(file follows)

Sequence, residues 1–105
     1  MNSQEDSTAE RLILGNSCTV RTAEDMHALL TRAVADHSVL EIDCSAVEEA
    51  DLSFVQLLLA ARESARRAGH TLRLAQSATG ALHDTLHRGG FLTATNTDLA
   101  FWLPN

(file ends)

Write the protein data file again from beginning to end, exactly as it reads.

Sequence, residues 1–105
     1  MNSQEDSTAE RLILGNSCTV RTAEDMHALL TRAVADHSVL EIDCSAVEEA
    51  DLSFVQLLLA ARESARRAGH TLRLAQSATG ALHDTLHRGG FLTATNTDLA
   101  FWLPN